We Are All Potential Migrants

By Tola Emmanuel

The world is witnessing an unprecedented migration crisis, like never before. The United States of America, Canada, several European, Asian and African countries are facing high human in and out flows via legal and illegal routes. It seems everyone is moving or planning to move. Daily, embassies and borders are receiving thousands of migration hopefuls, causing the countries of origin, transit and destination to make tough migration decisions in order to ensure the security and stability of their citizens and territories.

People migrate for different reasons. For many, is it the search for better economic opportunities, survival and security. For others, it is simply for exploration or adventure, education or exposure to better understand the world around them. Whatever the migration intent, humans are wired to move from one place to the other, however, the current global realities of poverty and insecurity, continue to fuel the need to migrate at all cost possible – legal or illegal.

Migration could either be regular or irregular. While the former is documented and legalised by the country of exit and entry, the latter is grossly undocumented, illegal, dangerous and costly for the migrant, the country of origin and destination. Howbeit, our world is challenged by the latter which comes with grave consequences on all.

In its 2017 International Migration Report, the United Nations revealed that there are an estimated 258 million people living in a country other than their country of birth — an increase of 49% since 2000. This figure only captures the documented and legalised migration. What about the undocumented, whose numbers we cannot ascertain?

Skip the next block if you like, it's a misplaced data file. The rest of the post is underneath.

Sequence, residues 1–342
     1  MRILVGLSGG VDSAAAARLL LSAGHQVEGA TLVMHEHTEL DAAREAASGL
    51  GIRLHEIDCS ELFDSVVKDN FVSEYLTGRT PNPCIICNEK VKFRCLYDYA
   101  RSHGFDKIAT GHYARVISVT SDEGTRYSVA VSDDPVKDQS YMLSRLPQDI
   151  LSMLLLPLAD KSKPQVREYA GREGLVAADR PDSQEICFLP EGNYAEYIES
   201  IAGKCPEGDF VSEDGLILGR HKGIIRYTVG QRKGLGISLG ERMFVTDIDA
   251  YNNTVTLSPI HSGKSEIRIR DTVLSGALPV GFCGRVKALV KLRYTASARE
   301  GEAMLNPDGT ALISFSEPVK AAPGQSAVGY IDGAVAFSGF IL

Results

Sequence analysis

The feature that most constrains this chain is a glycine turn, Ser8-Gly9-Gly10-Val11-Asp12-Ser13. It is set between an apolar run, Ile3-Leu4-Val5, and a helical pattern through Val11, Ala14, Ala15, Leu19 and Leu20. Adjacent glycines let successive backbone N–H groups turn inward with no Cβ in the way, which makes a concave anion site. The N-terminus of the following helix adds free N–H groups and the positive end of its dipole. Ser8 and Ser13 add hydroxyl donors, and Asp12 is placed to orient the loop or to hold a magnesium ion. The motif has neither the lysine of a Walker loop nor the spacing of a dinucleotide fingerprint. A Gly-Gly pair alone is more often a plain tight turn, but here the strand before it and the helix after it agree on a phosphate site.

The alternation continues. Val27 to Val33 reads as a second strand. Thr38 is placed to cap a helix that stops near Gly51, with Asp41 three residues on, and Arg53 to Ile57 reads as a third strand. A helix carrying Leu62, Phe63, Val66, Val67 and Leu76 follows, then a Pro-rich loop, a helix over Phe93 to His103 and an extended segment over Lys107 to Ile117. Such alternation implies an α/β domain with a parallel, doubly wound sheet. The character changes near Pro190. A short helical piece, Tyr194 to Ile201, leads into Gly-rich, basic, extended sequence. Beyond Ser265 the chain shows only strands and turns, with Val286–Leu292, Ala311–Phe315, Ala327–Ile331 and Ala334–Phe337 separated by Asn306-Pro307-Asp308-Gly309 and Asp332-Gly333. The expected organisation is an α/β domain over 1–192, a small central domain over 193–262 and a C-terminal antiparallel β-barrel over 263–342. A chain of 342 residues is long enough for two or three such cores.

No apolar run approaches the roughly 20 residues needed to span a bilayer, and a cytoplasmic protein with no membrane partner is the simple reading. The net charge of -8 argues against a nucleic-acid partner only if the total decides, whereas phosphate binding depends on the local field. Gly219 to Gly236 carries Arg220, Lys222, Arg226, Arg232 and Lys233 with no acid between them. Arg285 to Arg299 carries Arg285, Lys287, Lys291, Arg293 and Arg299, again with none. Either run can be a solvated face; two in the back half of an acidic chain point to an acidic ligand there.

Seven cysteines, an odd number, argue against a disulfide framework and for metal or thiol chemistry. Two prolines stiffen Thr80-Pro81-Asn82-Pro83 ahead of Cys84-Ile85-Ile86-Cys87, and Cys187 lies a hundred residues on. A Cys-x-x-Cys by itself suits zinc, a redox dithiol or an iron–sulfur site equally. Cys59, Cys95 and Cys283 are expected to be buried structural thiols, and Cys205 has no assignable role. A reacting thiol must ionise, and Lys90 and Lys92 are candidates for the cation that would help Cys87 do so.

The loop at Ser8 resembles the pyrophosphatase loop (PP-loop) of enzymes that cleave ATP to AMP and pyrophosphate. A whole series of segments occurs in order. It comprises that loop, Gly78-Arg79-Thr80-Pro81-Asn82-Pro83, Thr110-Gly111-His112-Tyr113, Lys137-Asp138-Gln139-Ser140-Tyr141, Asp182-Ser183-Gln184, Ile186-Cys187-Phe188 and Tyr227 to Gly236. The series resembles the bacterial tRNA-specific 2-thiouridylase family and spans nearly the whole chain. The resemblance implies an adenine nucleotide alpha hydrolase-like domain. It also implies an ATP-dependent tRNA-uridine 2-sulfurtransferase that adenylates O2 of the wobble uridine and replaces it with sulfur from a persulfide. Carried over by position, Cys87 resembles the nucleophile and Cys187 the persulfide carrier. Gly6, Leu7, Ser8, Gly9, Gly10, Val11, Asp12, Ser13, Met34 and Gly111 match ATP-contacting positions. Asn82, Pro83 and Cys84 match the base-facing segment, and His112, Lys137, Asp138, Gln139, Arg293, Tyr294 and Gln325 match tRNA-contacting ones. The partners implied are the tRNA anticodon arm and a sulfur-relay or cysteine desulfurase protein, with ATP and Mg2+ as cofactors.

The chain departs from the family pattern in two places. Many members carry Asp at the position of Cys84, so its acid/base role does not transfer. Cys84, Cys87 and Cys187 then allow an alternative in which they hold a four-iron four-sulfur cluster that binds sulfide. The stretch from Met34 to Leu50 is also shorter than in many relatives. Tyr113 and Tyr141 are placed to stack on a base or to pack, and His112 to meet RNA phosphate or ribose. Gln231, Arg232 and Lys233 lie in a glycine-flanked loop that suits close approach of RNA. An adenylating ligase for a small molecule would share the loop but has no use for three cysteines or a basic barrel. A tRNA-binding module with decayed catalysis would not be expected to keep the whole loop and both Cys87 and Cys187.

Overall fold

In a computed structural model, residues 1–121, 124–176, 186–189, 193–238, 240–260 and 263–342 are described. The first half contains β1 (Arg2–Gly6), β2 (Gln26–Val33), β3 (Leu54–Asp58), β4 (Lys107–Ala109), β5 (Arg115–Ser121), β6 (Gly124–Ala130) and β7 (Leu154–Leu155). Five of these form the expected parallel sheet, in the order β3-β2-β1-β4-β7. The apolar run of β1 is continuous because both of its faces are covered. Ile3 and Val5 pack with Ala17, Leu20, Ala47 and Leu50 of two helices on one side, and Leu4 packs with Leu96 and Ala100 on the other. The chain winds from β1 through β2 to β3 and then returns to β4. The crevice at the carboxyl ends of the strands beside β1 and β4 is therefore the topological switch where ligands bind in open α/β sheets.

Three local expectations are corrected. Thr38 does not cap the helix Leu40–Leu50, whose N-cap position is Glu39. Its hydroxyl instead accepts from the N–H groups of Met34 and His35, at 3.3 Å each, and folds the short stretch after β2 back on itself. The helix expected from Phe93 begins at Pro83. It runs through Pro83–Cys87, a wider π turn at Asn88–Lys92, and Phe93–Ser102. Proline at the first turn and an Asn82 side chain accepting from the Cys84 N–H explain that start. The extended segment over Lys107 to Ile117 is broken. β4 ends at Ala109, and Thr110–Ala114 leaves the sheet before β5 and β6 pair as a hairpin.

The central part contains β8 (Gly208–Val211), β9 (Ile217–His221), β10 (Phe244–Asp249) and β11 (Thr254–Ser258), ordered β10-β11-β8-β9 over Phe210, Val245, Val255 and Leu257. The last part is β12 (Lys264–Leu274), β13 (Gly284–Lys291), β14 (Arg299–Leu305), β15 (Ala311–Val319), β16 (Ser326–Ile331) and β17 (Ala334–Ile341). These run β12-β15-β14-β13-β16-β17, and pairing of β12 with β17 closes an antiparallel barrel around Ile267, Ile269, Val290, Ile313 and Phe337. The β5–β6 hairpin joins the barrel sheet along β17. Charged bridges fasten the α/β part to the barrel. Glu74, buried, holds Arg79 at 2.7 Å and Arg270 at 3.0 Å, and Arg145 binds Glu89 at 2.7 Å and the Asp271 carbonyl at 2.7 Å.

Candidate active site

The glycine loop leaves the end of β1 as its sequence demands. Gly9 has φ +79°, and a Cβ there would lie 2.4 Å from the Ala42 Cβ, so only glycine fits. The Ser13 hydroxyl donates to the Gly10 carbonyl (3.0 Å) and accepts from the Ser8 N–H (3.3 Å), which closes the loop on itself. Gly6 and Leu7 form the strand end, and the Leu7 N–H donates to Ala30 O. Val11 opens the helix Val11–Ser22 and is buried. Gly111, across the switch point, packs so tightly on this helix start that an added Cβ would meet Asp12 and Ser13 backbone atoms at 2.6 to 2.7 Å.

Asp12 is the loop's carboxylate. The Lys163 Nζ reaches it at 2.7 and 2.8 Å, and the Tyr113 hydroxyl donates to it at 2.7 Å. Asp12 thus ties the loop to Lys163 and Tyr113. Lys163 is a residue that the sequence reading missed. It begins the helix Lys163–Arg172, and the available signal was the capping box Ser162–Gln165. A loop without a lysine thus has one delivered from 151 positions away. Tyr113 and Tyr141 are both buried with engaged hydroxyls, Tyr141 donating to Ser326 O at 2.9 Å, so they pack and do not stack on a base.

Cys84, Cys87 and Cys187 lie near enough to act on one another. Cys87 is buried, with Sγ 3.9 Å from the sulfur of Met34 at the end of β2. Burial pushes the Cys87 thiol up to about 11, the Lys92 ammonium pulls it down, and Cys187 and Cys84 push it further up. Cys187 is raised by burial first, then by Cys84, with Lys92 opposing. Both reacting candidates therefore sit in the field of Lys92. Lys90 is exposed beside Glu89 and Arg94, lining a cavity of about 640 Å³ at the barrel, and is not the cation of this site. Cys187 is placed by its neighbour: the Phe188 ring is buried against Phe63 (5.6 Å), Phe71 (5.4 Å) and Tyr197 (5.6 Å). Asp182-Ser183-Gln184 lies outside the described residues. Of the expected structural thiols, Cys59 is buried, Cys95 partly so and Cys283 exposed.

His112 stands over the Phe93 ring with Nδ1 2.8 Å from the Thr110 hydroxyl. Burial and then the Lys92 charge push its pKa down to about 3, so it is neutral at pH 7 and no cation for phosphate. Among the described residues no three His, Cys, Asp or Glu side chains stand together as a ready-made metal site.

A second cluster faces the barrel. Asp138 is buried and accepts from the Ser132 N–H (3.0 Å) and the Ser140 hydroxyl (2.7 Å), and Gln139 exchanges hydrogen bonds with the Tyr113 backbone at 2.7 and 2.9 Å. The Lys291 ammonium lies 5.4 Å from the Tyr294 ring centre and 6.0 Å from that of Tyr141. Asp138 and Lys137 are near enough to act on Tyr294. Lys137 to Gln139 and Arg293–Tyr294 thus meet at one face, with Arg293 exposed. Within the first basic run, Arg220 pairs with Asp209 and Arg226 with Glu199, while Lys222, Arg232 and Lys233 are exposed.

An evaluation of irregular migration by the International Organization for Migration, revealed that over 186,000 migrants entered Europe through unauthorized routes such as the sea and land in 2017. This, of course, does not capture the lives who were trapped or lost in the Mediterranean Sea, Sahara desert, borders, detention centres and transit countries. The Migrant Project reports that over 2,000 deaths have been recorded on the Mediterranean Sea so far in 2018.

Let’s be honest, would you rather live in a country where survival and security are not assured when you can actually migrate to another country with abundance of opportunities and security for lives? Your answer to this reveals your quest for survival and safety which are the fundamental rules of life. We all seek better living conditions even if it requires relocating. But essentially, the cost of migration either legally or illegally is critical for consideration.

The on-going global migration crisis, unfortunately, will continue until issues of insecurity, unemployment, inequality and scanty economic opportunities are addressed by developing and developed worlds. Till then, we all are potential migrants for the intent that we will strive to improve our living conditions, ensure security of our lives, loved ones and properties, hence, the need to move from one country to another. But then, what happens when no one or place is assured of economic fortunes and social security? Where shall we all migrate to?

 

 

 

 

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